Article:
Prisons in England and Wales are "bursting at the seams" with more than half suffering overcrowding, the Howard League for Penal Reform has claimed.
Leicester Prison had 361 inmates in January
A report by the organisation says the prison population has reached an all-time high of 75,479 inmates.
Leicester Prison is the most overcrowded with 90% more inmates than it has places for, followed by Preston which has 80% and Shrewsbury at 73%.
The Home Office said projects were in place to increase prison capacities.
The study claims 76 of the 139 prisons in England and Wales were overcrowded in January.
Leicester overcrowded by 89%
Preston overcrowded by 80%
Shrewsbury overcrowded by 73%
Swansea overcrowded by 65%
Bedford overcrowded by 61%
Exeter overcrowded by 58%
Dorchester overcrowded by 57%
Leeds overcrowded by 55%
Lincoln overcrowded by 49%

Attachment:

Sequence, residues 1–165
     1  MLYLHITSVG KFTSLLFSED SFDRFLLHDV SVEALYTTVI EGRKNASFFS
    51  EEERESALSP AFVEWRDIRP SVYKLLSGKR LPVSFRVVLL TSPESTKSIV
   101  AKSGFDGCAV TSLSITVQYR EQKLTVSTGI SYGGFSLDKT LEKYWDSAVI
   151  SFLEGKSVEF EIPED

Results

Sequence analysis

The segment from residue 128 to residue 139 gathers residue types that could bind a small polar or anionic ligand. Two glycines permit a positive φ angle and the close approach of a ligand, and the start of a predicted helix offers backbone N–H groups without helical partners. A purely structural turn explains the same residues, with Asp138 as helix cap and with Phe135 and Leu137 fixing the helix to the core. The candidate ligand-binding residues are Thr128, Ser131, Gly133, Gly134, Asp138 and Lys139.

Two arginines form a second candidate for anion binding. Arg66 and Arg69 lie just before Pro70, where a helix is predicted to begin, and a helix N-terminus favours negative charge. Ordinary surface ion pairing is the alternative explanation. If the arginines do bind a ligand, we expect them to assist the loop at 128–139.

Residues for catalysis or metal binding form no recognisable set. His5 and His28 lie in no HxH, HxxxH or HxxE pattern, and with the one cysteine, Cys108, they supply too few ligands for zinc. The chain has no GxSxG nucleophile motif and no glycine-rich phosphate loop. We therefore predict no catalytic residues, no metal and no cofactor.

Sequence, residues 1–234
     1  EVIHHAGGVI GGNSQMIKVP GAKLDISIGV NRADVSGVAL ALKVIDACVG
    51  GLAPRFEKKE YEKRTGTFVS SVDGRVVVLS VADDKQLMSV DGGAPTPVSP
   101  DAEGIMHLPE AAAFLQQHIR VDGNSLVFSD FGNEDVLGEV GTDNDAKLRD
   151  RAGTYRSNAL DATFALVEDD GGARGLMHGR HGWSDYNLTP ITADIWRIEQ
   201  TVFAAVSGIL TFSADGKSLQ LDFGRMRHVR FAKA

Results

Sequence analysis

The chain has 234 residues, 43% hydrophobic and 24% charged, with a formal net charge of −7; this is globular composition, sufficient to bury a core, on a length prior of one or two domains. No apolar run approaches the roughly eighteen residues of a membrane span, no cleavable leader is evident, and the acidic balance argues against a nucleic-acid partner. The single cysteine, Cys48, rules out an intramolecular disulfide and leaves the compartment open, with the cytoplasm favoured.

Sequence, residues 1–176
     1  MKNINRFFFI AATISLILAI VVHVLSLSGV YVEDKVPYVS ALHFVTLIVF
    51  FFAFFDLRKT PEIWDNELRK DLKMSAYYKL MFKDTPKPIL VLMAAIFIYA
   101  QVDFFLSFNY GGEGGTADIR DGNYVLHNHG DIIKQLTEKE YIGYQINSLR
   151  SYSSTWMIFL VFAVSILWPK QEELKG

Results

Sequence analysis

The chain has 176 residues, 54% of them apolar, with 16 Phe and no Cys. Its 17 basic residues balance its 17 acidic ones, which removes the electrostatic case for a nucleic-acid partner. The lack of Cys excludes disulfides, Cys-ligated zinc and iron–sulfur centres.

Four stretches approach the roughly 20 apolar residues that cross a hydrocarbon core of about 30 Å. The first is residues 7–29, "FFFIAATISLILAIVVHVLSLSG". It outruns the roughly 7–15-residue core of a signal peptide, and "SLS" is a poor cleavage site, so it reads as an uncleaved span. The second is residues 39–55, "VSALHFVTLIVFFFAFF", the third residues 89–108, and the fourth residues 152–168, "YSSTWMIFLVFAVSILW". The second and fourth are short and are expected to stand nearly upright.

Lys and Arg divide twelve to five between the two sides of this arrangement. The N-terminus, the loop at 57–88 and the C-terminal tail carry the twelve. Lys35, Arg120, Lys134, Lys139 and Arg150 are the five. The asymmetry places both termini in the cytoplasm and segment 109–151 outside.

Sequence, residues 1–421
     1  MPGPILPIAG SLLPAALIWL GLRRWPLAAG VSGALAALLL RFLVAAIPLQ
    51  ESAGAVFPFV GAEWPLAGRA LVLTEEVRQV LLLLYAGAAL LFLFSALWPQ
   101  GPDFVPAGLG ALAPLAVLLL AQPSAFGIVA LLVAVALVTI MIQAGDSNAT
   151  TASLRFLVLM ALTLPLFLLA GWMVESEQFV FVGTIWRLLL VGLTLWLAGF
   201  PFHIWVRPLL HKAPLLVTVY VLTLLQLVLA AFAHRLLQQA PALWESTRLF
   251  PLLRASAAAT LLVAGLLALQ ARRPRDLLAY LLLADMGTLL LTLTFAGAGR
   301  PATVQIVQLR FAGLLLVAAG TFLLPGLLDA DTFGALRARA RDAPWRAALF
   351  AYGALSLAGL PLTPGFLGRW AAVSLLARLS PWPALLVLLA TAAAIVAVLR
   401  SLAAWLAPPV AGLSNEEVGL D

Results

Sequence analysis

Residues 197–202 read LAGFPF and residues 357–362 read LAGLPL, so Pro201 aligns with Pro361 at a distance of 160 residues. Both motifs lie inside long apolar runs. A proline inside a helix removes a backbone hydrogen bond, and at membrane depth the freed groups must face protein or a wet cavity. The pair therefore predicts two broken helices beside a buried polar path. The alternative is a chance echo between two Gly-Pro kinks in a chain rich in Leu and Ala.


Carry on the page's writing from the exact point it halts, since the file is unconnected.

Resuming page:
Wandsworth overcrowded by 49%
Leicester Prison has 191 places but Howard League figures show it had 361 prisoners - making it the most crowded in the country, according to the group.
Howard League director Frances Crook said: "Our prison system is bursting at the seams.
"Overcrowded prisons cannot provide a suitable regime to rehabilitate prisoners, which means that you and I are not safe on the streets."
She said: "Prisoners in overcrowded prisons are more likely to share cells built for a single occupant.
"In 2003-2004, the average rate of "doubling", which means two people share a cell built and designed for one, was 21.7% - far exceeding the target."
The organisation believes only serious offenders should be locked up and has called for more use of community sentences.
A spokeswoman for the Home Office said it was down to the courts to decide when to send people to prison.
She added there were a number of projects to increase operational capacity at prisons across the country.